GOP Debate: What candidates said about Colorado and marijuana
Colorado won’t be picking a Republican presidential candidate at its caucus next year, but that didn’t stop a handful of the party’s White House hopefuls from picking on Colorado during Wednesday night’s second national Republican debate. Four of them duked it out over state and federal pot laws, including one top-tier candidate who admitted to doing drugs, and another who said she had a child die from drug addiction.
It all started when CNN’s moderator Jake Tapper quizzed Rand Paul about a recent remark from his New Jersey rival.
“Governor Christie recently said, ‘If you’re getting high in Colorado today … enjoy it until January 2017, because I will enforce the federal laws against marijuana,’” Tapper said. “Will you?”
The Kentucky senator used the opportunity to talk about the hypocrisy of well-off white people in America getting a pass on pot laws – and then called out one of his opponents for getting away with smoking dope.
“There’s at least one prominent example on the stage of someone who says they smoked pot in high school, and yet the people who are going to jail for this are poor people, often African-Americans and often hispanics, and yet the rich kids who use drugs aren’t,” Paul said.
A libertarian, Paul said pot smokers only hurt themselves, and that he’d rather see more rehabilitation and drug courts than people being thrown in jail for toking up. America’s war on drugs has had a racial outcome, he said, damaging inner cities and filling the country’s prisons.
“I don’t think that the federal government should override the states,” Paul said. “I believe in the 10th Amendment, and I really will say that the states are left to themselves.”
Tapper asked Paul if he wanted to name the hypocrite on stage. Paul said he’d rather keep the question open and see if anyone else might want to cop to it.
That’s when Jeb Bush chimed in.
“He was talking about me,” said the former Florida governor who opposed a ballot measure for medical marijuana in his home state last year.
“Forty years ago I smoked marijuana, and I admit it,” Bush said. “I’m sure that other people might have done it but may not want to say it in front of 25 million people — my mom’s not happy that I just did.”
Bush went on to say, however, that what goes on in Colorado “should be a state decision.”
Paul turned the debate to medical marijuana, specifically cannabis oil that could help children who suffer from seizures. Bush countered that the medical marijuana ballot measure he voted against in Florida had a “huge loophole” and was “the first step toward getting to a Colorado place.”
For his part, Gov. Chris Christie said New Jersey is the first state where nonviolent, non-dealing drug users don’t go to jail but rather go to mandatory treatment for a first offense. But the former U.S. attorney who called the war on drugs “a failure” took issue with Paul’s take on pot smoking being a federal crime that’s only victim is the user.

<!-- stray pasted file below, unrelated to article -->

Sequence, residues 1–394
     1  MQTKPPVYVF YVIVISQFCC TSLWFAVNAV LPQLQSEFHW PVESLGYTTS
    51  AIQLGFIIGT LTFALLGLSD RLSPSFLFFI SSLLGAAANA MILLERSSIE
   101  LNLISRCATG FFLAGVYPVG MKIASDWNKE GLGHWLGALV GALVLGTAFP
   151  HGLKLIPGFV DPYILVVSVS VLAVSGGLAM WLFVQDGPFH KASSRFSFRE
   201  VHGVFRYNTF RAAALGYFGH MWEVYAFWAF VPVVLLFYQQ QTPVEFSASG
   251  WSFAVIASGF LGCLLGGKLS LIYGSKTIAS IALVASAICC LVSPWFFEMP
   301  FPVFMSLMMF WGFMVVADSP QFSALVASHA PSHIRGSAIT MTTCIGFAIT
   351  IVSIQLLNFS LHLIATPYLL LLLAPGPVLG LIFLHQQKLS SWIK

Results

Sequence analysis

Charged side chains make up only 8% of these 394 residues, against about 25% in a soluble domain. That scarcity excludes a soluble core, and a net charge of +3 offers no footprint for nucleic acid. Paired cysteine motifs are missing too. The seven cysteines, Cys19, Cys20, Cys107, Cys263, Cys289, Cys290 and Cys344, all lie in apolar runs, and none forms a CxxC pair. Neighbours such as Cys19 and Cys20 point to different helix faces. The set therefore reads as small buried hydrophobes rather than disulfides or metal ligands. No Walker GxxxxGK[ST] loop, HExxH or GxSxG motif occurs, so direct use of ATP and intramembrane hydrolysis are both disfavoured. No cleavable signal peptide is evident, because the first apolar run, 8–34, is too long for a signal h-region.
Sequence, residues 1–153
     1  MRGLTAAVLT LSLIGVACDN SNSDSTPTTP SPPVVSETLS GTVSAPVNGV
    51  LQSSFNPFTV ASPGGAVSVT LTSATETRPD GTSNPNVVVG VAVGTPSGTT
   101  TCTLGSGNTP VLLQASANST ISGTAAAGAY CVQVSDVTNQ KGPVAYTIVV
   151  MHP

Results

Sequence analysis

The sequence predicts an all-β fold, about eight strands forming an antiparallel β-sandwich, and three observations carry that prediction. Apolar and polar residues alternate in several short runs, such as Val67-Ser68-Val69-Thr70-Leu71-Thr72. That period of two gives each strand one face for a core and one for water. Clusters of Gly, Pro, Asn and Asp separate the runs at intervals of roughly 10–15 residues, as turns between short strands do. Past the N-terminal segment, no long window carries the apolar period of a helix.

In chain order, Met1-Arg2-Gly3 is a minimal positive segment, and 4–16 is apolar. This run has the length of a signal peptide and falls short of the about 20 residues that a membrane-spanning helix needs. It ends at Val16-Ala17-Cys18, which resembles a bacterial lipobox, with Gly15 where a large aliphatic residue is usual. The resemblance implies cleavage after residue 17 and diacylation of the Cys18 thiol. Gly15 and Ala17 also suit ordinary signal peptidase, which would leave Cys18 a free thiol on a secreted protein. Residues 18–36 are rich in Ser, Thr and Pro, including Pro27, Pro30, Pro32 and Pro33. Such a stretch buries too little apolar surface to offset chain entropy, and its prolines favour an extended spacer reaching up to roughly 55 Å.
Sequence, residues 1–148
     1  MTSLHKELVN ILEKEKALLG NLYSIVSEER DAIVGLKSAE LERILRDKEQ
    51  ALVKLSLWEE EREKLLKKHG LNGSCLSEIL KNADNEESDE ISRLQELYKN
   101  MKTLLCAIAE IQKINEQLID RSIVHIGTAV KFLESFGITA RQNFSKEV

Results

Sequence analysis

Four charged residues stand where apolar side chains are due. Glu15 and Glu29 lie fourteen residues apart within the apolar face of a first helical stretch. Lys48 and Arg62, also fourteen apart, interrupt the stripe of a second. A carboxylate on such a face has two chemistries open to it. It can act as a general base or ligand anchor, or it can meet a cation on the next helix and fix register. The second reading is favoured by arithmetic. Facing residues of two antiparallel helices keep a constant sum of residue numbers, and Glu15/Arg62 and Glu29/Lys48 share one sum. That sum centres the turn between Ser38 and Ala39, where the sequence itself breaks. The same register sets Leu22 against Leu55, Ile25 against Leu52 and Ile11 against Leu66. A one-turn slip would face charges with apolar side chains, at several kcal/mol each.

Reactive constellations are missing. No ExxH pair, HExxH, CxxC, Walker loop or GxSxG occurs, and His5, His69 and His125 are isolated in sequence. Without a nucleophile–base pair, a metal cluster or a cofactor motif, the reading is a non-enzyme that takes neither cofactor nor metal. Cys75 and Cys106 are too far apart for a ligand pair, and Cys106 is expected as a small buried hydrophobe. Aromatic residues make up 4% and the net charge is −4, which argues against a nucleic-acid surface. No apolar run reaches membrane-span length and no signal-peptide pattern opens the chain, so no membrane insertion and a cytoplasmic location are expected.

“Look at the decrease of productivity, look at the way people … move on to other drugs when they use marijuana as a gateway drug,” Christie said. “It’s not them that are the only victims. Their families are the victims too, their children are the victims too, and their employers are the victims also, and that’s why I’ll enforce the federal law while you can still put an emphasis on rehabilitation.”
Paul shot back that what Christie was saying is that he would “go into Colorado, and if you’re breaking any federal law on marijuana, even though the state law allows it, he would put you in jail,” including a young mother trying to give her child cannabis oil for seizure treatment.
“I would let Colorado do what the 10th Amendment says,” Paul said, adding that crime was supposed to be left to the states. “Colorado has made their decision, and I don’t want the federal government interfering and putting moms in jail who are simply trying to get medicine for their kid.”
Christie said Paul wasn’t being truthful and that New Jersey had medical marijuana laws that Christie supported and implemented.
“This is not medical marijuana. This goes a much further step beyond,” Christie said. “This is recreational use of marijuana. This is much different. So while he’d like to use a sympathetic story to back up his point, it doesn’t work. I’m not against medical marijuana— we do it in New Jersey— but I am against the recreational use of marijuana. If he wants to change the federal law, get Congress to pass a law to change it and get a president to sign it.”
That line of pro-pot opposition led Carly Fiorina, the former CEO of Hewlett-Packard and the only woman on the stage, to say she and her husband had buried a child to drug addiction. And while she said she agreed with Paul on states rights, she has other concerns.
“We are misleading young people when we tell them that marijuana is just like having a beer,” she said. “It’s not. And the marijuana that kids are smoking today is not the same as the marijuana that Jeb Bush smoked 40 years ago … sorry Barbara. We do need criminal justice reform … but we need to tell young people the truth: Drug addiction is an epidemic and it is taking too many of our young people. I know this, sadly, from personal experience.”
Photo credit: Heath Alseike, Creative Commons, Flickr.
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